The old Southern Baptist Convention held its annual session last month. The SBC organized in 1845 because Baptists in the North objected to sending missionaries who owned slaves or were supported by slave owners.
So, rather than clean up their act and quit owing slaves, Baptists of the South got together and organized their own separate group of churches. They named it the Southern Baptist Convention.
Week before last in the SBC gathering it was decided to “investigate” public schools. They voted “to hold accountable schools, institutions and industries for their moral influence on our children.”
The resolution also urged parents and churches “to investigate diligently the curricula, textbooks and programs in our community schools and to demand discontinuation of offensive material and programs.”
Just a year ago the SBC rejected a proposal urging Baptists to remove their children from “godless” and “anti-Christian” public schools. Not a very good way to help public schools. This year they decided an “investigation” was called for. And the self-righteous SBC called for removing children from schools that seek to influence students to accept homosexuality as a legitimate lifestyle.
Such is not my lifestyle, and I do not believe one in a thousand classroom teachers seek to get students to accept it as their lifestyle. It reminds me of Don Quixote, the knight errant, charging the windmills with his homemade lance, claiming the windmills to be giants and a threat to society.
Without the eloquence of Don Quixote, Robert Dreyfus of Florida told messengers: “It’s just devastating to me what is happening to our children. Public schools are a mission field, but they’re a killing field to our children. If we do not speak out on this issue, I think Southern Baptists will in the future greatly regret not having addressed this issue.”
SBC messengers defeated an amendment to another resolution that urged “maintaining the maximum individual freedoms of all loyal Americans.” This was made out of concern for “the abridgement of our constitutional rights” through the Patriot Act and other measures.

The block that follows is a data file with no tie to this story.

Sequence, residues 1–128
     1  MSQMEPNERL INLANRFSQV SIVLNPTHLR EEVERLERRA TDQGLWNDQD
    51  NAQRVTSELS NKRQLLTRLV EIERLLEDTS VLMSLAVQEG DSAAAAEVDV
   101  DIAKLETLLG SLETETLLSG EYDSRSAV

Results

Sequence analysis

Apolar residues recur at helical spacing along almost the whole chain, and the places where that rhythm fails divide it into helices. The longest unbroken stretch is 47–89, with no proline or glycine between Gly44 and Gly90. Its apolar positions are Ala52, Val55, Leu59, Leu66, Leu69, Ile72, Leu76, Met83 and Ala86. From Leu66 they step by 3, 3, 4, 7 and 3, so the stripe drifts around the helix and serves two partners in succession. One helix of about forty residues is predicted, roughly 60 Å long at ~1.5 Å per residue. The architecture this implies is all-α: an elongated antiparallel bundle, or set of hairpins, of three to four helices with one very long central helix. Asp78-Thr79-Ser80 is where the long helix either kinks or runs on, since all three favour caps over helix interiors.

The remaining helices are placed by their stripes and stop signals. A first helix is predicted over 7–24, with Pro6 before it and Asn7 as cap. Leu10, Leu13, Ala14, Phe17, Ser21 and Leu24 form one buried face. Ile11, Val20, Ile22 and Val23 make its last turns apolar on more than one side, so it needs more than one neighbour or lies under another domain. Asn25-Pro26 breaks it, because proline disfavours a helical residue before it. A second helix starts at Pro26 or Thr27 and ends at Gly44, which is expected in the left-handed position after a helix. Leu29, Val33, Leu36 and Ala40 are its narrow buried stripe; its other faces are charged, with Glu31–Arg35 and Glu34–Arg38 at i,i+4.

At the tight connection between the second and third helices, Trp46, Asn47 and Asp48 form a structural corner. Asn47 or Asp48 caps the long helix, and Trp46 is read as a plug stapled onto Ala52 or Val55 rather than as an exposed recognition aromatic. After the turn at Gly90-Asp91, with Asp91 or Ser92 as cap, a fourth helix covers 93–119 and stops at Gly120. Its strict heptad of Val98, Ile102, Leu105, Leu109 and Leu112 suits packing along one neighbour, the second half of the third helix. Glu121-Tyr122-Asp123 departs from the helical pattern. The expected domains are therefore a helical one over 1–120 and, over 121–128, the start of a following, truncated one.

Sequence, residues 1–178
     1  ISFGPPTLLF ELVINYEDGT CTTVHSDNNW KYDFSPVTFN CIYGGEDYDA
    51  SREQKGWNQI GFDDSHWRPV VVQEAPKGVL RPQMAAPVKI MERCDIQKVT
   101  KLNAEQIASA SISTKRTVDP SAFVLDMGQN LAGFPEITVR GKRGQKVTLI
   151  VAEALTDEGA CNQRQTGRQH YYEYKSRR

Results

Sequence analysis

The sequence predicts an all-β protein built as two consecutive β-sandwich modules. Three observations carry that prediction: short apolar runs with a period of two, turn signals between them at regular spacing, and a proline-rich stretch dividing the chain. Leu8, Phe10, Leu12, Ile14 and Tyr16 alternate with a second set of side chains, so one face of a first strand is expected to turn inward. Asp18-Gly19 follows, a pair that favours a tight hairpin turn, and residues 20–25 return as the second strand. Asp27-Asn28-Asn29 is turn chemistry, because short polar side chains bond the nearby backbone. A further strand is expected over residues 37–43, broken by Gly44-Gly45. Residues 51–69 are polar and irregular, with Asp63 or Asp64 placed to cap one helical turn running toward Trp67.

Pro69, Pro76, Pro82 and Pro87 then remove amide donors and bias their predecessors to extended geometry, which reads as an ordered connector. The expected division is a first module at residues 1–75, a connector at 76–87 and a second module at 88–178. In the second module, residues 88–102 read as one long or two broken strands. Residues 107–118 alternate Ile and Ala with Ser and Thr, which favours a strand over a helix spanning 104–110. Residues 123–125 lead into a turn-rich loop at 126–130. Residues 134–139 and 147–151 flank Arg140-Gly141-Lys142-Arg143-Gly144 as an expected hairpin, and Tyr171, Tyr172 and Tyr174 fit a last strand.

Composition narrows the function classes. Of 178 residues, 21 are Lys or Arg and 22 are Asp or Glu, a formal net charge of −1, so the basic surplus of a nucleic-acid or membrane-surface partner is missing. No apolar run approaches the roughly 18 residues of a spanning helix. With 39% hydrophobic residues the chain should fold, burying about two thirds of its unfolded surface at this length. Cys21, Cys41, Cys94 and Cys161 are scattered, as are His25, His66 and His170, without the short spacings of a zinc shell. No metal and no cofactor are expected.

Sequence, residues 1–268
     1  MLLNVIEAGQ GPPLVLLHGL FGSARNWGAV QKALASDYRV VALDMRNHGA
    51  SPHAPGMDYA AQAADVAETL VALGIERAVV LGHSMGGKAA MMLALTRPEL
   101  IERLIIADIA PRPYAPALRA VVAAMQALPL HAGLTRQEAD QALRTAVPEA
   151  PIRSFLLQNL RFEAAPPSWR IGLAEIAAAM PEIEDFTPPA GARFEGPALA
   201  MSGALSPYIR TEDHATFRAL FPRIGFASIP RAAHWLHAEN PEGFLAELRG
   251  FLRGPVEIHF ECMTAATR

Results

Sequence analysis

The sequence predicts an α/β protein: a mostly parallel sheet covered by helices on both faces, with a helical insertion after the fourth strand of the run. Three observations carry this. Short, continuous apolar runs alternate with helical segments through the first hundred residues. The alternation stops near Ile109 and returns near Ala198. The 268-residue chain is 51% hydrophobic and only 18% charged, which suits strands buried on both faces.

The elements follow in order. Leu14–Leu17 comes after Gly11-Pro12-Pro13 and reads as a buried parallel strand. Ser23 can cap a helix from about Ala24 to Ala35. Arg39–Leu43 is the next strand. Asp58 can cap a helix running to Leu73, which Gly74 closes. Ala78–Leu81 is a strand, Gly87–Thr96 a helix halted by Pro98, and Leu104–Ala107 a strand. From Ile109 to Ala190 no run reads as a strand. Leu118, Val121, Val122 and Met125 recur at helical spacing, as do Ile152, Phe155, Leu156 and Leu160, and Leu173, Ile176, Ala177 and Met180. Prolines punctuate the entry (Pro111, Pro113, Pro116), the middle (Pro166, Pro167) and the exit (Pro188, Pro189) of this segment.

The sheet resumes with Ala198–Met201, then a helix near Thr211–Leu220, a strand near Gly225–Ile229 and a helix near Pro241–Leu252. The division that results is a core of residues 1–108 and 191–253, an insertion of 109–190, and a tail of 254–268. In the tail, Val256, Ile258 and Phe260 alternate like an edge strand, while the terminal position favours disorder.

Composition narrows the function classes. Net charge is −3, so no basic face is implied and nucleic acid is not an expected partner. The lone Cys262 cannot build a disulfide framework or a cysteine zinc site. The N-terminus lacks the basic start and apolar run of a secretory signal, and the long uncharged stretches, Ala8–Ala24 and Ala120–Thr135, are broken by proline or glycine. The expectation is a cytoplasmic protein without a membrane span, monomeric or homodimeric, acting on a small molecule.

The SBC has become nothing less than a political machine–a tool of the Republican Party. Too strong a word? The SBC also resolved that “all future presidents nominate strict constructionist judges, who will interpret rather than make law.” That is the exact Republican stance in Congress.
Another resolution expressed “deep disappointment” in a recent U.S. House vote in favor of expanded stem-cell research and urged the U.S. Senate to reject such legislation. It reminds one of when the Roman Catholic Church chastised Galileo for promoting the Copernican theory that the earth is not stationary, but revolves around the sun.
Galileo was found guilty by the Inquisition and condemned to lifelong imprisonment. SBC messengers are as wrong now as the pope was in 1633. A church meeting is not the place to decide what is good science.
Just as Don Quixote went on his mad-hatter ways for 940 pages (in my English translation) so evidently are those today who would dictate what giants need to be destroyed and hold up the same science as Pope Urban VIII and other 17th century popes.
Britt Towery is a retired Southern Baptist missionary. His opinions appear weekly in the Brownwood Bulletin in Brownwood, Texas.